Power won the race off pit road followed by Dixon, Sato and Pagenaud. Rahal stalled the car leaving the pits and he lost the positions he had made up during his mad dash. Kanaan had also made his way back to the lead lap.

That set up the dramatic battle to the finish with 19 laps left. A battle that ended under yellow with Power celebrating.

Will Power

Power’s win is the ninth at Texas Motor Speedway for Team Penske. It’s also his second win this season and second at Texas Motor Speedway.PHOTO BY LAT PHOTOGRAPHIC

Verizon IndyCar Series Rainguard Water Sealers 600 results

1. (9) Will Power, Chevrolet, 248, Running

2. (4) Tony Kanaan, Honda, 248, Running
3. (12) Simon Pagenaud, Chevrolet, 248, Running

4. (11) Graham Rahal, Honda, 248, Running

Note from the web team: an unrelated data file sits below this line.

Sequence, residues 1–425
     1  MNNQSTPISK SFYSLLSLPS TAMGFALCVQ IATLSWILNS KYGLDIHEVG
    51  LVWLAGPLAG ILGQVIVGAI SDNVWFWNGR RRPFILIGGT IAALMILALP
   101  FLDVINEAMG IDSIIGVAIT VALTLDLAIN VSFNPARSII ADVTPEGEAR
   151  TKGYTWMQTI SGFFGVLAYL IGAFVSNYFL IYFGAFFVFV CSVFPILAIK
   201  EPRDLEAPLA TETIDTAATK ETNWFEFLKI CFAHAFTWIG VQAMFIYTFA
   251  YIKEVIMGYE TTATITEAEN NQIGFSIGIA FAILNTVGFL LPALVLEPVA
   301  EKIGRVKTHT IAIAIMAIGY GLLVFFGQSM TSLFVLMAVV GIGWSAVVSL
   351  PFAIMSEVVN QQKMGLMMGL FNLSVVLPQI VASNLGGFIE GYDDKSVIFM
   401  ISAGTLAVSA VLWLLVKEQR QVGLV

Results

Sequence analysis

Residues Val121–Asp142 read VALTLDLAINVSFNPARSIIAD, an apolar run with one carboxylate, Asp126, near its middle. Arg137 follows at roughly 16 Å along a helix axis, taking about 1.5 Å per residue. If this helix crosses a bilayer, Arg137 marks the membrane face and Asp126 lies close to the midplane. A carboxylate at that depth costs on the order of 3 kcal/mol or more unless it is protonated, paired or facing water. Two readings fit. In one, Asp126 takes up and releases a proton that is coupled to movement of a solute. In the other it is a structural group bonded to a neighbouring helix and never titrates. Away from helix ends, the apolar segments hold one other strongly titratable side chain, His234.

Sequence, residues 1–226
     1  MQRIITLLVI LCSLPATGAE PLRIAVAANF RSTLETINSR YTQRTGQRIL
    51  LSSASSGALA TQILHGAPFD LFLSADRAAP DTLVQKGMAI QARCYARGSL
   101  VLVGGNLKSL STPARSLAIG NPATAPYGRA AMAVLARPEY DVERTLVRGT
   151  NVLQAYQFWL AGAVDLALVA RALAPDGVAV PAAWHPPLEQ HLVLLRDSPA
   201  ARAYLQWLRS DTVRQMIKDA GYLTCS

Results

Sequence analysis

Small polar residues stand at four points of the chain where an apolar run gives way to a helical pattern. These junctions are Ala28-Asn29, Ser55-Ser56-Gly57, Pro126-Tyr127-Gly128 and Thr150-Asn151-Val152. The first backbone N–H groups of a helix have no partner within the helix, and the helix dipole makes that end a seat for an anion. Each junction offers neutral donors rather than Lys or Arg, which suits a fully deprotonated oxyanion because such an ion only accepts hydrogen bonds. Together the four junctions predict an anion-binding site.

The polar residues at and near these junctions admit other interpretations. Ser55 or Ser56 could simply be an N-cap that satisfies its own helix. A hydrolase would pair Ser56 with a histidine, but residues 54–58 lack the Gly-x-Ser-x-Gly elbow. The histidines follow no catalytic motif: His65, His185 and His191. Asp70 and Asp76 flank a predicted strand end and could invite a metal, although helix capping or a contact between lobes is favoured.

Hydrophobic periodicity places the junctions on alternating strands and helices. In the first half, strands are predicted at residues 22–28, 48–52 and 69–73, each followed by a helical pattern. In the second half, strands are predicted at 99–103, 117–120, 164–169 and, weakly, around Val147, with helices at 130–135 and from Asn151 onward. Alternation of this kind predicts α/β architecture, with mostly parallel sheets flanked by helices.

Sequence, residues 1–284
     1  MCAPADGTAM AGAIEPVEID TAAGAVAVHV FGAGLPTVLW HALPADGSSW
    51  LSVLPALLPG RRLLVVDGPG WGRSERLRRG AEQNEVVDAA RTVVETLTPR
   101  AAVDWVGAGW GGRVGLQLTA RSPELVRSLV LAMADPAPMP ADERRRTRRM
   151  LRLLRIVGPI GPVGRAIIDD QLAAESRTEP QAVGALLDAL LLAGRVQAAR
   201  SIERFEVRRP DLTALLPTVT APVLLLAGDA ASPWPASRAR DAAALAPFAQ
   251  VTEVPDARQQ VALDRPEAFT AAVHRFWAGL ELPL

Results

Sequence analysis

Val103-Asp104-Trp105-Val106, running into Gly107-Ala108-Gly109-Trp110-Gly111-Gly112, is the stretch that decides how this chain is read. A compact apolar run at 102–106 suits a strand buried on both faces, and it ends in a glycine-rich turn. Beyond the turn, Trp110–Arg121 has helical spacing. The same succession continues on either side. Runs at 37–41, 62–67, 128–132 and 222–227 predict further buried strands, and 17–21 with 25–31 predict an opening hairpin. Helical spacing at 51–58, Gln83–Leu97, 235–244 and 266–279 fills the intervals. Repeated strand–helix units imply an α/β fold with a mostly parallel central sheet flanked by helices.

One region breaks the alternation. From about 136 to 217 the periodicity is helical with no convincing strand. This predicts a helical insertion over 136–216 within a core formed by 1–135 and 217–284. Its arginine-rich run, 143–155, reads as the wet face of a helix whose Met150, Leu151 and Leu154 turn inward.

5. (20) Gabby Chaves, Chevrolet, 248, Running

6. (15) Marco Andretti, Honda, 248, Running
7. (21) Conor Daly, Chevrolet, 247, Running

8. (6) Max Chilton, Honda, 245, Running
9. (2) Scott Dixon, Honda, 243, Contact

10. (8) Takuma Sato, Honda, 243, Contact
11. (14) Ed Carpenter, Chevrolet, 224, Contact

12. (18) JR Hildebrand, Chevrolet, 215, Running

13. (17) Josef Newgarden, Chevrolet, 201, Contact

14. (16) James Hinchcliffe, Honda, 151, Contact

15. (7) Mikhail Aleshin, Honda, 151, Contact
16. (5) Tristan Vautier, Honda, 151, Contact

17. (19) Ed Jones, Honda, 151, Contact
18. (22) Carlos Munoz, Chevrolet, 151, Contact

19. (13) Ryan Hunter-Reay, Honda, 151, Contact

20. (10) Helio Castroneves, Chevrolet, 90, Contact

21. (1) Charlie Kimball, Honda, 41, Mechanical

22. (3) Alexander Rossi, Honda, 36, Contact

Race Statistics
Winner’s average speed: 140.491 mph
Time of Race: 2:32:31.0118
Margin of victory: Under caution
Cautions: 9 for 66 laps
Lead changes: 23 among 7 drivers